Mr. Southworth goes on with the rest of the wagon train. He doesn’t want to fall behind. You’ll need his help, but Papa is a carpenter and can do most of the work himself. Though it’ll take much longer.
“I don’t like leaving you folks behind.” Mr. Southworth’s warm smile turns to a frown. “But I do need to reach my mother in Oregon. The sooner the better.”
Papa shakes Mr. Southworth’s hand. “I know. Thank you all the same. I’m sure we’ll catch up in no time.”
Mr. Southworth waves back at you and disappears into the distance with the rest of the wagon train. You feel a deep pit forming in your stomach. Your family is entirely alone out here in the wild. Now you have no support of any kind. Danger surrounds you.
You try to help Papa replace the wheel, but you really need Mr. Southworth’s skills to repair the axle. Papa can’t fix it himself. You’re stuck until another wagon train comes along. But there’s no guarantee that will happen.
You’re so tired and hungry. You don’t want to waste food rations, so you and Papa go into the hills to hunt jackrabbits. It’s getting dark. You watch for prairie dog holes so you don’t fall in and twist your ankle. As you follow behind Papa, you step on something.
You freeze. A shape unwinds in the dark.
Snake! You’ve just stepped on its discarded skin. Should you run or call for your father?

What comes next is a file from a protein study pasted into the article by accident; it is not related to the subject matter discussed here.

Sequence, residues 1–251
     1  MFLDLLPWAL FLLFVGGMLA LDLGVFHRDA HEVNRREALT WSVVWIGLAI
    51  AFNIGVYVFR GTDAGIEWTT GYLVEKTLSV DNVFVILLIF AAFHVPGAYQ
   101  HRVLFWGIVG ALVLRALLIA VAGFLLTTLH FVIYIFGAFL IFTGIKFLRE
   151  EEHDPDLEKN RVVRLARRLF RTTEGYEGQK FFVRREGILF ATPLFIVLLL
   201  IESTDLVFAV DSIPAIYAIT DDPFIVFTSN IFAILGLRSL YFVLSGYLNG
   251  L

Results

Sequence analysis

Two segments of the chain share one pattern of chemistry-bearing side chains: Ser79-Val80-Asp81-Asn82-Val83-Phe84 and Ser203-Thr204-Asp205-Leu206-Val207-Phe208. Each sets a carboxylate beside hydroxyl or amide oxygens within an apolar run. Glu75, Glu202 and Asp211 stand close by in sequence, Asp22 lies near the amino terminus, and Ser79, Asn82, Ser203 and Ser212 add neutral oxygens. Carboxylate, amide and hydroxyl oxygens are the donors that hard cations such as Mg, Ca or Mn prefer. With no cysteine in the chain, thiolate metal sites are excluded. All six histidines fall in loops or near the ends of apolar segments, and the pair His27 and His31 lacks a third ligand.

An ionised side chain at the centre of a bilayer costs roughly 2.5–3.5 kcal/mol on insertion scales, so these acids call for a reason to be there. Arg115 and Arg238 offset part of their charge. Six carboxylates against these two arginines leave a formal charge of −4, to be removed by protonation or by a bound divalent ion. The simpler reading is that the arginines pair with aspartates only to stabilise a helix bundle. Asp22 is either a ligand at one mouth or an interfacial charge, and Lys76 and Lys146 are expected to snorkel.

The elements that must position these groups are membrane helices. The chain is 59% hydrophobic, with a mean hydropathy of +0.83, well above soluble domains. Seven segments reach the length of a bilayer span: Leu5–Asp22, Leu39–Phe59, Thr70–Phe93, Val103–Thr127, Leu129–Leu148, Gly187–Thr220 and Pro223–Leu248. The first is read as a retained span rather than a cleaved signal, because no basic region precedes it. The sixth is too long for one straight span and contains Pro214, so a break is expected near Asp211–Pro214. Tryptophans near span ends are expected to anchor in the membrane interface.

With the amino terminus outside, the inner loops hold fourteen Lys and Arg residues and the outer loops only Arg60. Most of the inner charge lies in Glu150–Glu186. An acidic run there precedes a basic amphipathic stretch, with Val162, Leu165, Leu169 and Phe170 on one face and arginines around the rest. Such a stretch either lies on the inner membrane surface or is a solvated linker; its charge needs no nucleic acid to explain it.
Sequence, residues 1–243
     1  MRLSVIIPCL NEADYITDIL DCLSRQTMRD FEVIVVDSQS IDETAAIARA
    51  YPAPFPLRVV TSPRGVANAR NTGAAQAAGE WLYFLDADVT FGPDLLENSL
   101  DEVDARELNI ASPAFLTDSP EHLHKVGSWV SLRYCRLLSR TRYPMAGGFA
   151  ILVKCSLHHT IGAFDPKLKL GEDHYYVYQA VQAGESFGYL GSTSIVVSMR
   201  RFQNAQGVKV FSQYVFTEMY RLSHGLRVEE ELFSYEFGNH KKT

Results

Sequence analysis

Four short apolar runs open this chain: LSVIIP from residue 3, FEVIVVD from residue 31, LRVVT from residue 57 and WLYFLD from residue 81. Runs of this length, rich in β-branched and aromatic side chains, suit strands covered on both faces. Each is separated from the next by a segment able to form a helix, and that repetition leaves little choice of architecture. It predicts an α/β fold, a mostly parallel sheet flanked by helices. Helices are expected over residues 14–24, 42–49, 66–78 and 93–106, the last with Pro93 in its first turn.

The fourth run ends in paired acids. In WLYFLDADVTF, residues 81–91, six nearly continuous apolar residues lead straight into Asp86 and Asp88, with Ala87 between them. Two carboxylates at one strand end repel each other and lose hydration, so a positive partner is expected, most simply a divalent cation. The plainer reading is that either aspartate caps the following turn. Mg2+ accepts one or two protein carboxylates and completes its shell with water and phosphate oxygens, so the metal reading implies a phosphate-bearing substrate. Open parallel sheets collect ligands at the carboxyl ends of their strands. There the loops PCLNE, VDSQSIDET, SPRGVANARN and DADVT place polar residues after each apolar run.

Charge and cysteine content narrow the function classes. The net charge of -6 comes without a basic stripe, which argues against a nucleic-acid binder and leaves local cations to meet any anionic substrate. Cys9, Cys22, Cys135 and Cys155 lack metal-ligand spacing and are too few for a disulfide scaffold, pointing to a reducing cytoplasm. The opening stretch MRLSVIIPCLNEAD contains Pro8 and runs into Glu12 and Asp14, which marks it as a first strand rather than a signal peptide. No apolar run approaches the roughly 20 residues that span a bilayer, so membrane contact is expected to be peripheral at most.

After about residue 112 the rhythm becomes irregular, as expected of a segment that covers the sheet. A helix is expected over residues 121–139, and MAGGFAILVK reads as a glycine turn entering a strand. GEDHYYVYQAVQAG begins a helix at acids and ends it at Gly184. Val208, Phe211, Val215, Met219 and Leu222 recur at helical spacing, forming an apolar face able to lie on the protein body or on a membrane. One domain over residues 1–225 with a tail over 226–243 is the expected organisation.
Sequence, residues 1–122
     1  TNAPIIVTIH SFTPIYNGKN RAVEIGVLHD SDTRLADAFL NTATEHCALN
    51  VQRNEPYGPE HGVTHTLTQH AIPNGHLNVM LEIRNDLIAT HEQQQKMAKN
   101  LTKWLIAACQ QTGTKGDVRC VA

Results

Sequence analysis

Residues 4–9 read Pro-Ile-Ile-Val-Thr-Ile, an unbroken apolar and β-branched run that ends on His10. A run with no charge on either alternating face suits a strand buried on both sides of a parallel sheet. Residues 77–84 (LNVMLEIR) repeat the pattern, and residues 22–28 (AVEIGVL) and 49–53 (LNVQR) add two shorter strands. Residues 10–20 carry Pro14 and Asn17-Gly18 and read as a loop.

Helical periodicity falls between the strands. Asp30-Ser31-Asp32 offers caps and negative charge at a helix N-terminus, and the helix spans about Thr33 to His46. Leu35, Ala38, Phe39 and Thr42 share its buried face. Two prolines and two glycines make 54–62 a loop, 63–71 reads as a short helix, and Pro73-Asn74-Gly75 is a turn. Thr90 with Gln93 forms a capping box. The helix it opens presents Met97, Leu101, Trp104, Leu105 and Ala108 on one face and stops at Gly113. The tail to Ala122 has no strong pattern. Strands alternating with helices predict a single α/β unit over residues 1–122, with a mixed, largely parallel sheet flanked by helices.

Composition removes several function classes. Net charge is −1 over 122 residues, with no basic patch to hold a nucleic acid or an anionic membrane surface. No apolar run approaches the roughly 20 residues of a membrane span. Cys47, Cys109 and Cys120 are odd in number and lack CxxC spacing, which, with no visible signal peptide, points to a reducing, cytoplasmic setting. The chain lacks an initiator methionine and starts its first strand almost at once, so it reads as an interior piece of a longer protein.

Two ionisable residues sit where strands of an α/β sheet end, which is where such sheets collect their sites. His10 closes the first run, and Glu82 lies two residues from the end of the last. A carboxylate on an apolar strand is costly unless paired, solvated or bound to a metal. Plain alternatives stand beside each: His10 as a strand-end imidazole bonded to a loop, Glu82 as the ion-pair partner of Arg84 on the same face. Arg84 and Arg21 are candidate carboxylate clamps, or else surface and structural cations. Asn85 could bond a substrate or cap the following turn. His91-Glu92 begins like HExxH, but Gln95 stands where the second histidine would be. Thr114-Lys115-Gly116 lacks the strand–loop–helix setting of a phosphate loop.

To run for it, turn to page 53
Return to page 145
You bypass the stranded wagon train. You want to help them, but you need to reach the Barlow Gate before winter arrives. Stopping will delay your trip significantly.
Your wagon train will notify someone at the next trading post or settlement about the stranded party. You go around the Gate of Death and continue along Snake River, passing Register Rock. You stop to carve your names into the rock alongside those of thousands of other pioneers.
That night, you wake to the sound of shouts and gunfire. Bandits ride into your wagon corral. They’ve surrounded you and take everything you have. You turn back to Fort Hall and find a way to earn money there to save up for another trip to Oregon City next year.
Return to page 95
You help the stranded pioneers get back to Fort Hall. With Fort Boise, the last major fort on the Oregon Trail before desert and Blue Mountains, miles away, there aren’t enough supplies for everyone.
The rest of your wagon train goes on without you, your family, and Mr. Southworth. With the wounded pioneers in your wagons, you start the long, slow trek back to Fort Hall.